CNN's Alberto Padilla Prods Shawn Gold of MySpace
CNN's Alberto Padilla interviews Shawn Gold of MySpace! I braced myself for the inevitable ripped-off feeling as, having started 15 minutes late, they wasted another 15 minutes playing getting-to-know-you on session time. What a jam-packed half-hour it was that awaited me.
(If you're wondering what the image is at left, it's Gold's current MySpace profile picture.)
- MySpace boasts 200 million profiles, 350K new members/day, 110 million uniques/month
- American MySpace hits 60 percent of 18-24 year-olds, 25 percent of 15-25 year-olds and 36 percent of people 35 and older
- The demo of older members on MySpace is increasing. And while younger users tend to seek buddies or the casual hook-up, a housewife, for example, is looking for relationship maintenance among family members.
- For older Spanish users, a market MySpace is increasingly trying to target, efficiency is more important than the more youthful lust for egocasting.
Gold described MySpace's birth as an improvement on Friendster, which had a few holes in its model. Social networking, he explained, is all about identification and individuality, and Friendster had very specific ideas about how individuality in particular should be conducted.
Friendster kicked people off that had too many friends (like Tila Tequila), fake profiles (dogs, celebs, etc), and bands. MySpace saw this and created a space for bands and other cultural influencers (like Tila) to freely push their agendas - a dangerous proposition at first glance, but clearly a winning model.
In MySpace's view, every "artist" is a small business.
90 of top 100 global advertisers appear on the site - understandably so, considering Gold himself notes that few databases have its living stock of hopes, fears and dreams.
MySpace hopes to begin leveraging its self-segmenting userbase with the introduction of psychographic research for advertisers. And in the fall, advertisers will be able to implement micro-advertising - targeting by zip code, for example.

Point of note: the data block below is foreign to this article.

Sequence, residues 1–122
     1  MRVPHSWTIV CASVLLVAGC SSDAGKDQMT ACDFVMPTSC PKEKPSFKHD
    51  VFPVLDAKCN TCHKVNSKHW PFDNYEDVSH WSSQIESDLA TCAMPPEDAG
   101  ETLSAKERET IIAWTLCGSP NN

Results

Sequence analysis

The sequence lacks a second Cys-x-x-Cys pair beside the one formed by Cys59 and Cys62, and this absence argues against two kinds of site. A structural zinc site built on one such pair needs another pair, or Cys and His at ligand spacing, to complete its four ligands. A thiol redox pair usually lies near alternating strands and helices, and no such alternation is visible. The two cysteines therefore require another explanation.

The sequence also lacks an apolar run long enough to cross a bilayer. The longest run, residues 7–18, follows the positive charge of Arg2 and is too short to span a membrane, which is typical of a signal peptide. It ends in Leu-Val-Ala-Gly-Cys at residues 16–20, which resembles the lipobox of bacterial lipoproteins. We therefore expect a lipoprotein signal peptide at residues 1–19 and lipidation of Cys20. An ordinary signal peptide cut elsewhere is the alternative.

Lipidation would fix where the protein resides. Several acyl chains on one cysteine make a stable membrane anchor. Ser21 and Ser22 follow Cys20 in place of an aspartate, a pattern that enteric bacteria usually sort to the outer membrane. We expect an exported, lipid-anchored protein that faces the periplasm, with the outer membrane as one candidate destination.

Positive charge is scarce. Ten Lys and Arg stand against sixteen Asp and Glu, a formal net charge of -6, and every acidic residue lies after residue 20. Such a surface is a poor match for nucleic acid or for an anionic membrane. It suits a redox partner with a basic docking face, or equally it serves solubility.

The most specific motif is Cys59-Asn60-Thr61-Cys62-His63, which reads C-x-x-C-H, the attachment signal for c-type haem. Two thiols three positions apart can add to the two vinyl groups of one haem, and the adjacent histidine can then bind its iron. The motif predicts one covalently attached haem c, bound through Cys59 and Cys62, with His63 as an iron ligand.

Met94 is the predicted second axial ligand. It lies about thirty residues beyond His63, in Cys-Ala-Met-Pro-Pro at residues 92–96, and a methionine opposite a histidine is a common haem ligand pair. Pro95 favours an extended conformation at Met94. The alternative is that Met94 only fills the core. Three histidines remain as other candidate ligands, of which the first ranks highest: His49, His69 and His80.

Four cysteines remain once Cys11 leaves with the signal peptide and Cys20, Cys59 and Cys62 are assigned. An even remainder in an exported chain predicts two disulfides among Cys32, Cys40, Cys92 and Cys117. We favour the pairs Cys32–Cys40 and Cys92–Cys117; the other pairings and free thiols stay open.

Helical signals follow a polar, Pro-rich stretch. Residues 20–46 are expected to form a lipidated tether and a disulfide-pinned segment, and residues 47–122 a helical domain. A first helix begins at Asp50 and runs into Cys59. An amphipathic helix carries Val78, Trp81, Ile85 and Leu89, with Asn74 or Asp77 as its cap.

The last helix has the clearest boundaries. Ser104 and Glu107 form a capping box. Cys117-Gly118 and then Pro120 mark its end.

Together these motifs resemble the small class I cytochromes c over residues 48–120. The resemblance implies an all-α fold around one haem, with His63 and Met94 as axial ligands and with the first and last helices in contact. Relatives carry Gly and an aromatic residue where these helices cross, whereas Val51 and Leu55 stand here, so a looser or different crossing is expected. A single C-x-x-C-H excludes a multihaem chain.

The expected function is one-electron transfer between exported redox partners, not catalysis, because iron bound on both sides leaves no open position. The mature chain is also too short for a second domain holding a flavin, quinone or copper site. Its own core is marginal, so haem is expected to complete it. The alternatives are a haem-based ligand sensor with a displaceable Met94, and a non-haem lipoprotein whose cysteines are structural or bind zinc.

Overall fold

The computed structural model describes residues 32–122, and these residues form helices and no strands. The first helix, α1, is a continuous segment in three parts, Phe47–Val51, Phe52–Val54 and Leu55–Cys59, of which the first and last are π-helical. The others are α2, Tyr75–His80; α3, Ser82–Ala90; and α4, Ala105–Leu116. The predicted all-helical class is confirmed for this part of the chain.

Other means MySpace has of monetizing its site:
- MySpace Mobile on Cingular: 2.99/month, most rapidly-adopted app on Cingular.
- Google pays them a monthly figure to monetize its search engine.
- Bands can use SnoCap, where they can sell songs directly to fans.
Functionalities for pushing tickets and merch will be included over time.
When Padilla asked whether it's a bad thing that people associate MySpace with Fox, as opposed to parent company News Corp, Gold awkwardly explained that MySpace is an "open space," with more liberal inclinations (can you feel the eggshells cracking here?) while Fox is generally "perceived" as more conservative.
"I'm going to put this on CNN!" Padilla cried with glee. I decided then that Padilla rocked my socks.
When asked how News Corp actually uses MySpace, Gold was evasive: "MySpace is the model for the future of communications over the Internet protocol." He then elaborated upon how News Corp stock jumped significantly post-acquisition.
When asked what his plans are for Spanish-speaking Americans, Gold reiterated that they're targeting an older demographic. "As I said, 48 percent of ppl use it to communicate with their own family," he pointed out.
The only major difference between Latin-targeting MySpace efforts and standard MySpace is content, which will be largely local: local bands, local artists, local culture for each community. The beauty: people can tap into global culture at the same time.
MySpace for non-English-speaking communities is populated by people natively familiar with the demo.
"I used to think 'quesadilla' means 'what's the deal,' so you don't want me programming," Gold quipped.
Finally, Gold looks to the future. He notes sites like Friendster and Geocities failed because they did not evolve when the time called for it. MySpace has no intention of making that mistake. The future, he says, is probably VOIP and video - the trick is to grow right along with the communication toolset.